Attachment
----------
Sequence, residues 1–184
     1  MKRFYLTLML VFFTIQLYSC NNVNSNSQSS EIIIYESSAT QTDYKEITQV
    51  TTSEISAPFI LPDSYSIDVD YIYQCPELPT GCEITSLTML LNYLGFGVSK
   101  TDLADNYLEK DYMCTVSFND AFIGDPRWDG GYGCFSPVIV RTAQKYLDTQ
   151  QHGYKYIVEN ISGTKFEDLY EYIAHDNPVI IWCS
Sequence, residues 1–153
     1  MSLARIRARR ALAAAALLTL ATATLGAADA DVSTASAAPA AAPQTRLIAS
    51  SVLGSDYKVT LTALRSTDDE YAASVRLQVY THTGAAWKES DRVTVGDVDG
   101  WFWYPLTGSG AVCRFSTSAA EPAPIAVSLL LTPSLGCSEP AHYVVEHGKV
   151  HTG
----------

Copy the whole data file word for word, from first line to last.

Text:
Sequence, residues 1–184
     1  MKRFYLTLML VFFTIQLYSC NNVNSNSQSS EIIIYESSAT QTDYKEITQV
    51  TTSEISAPFI LPDSYSIDVD YIYQCPELPT GCEITSLTML LNYLGFGVSK
   101  TDLADNYLEK DYMCTVSFND AFIGDPRWDG GYGCFSPVIV RTAQKYLDTQ
   151  QHGYKYIVEN ISGTKFEDLY EYIAHDNPVI IWCS
Sequence, residues 1–153
     1  MSLARIRARR ALAAAALLTL ATATLGAADA DVSTASAAPA AAPQTRLIAS
    51  SVLGSDYKVT LTALRSTDDE YAASVRLQVY THTGAAWKES DRVTVGDVDG
   101  WFWYPLTGSG AVCRFSTSAA EPAPIAVSLL LTPSLGCSEP AHYVVEHGKV
   151  HTG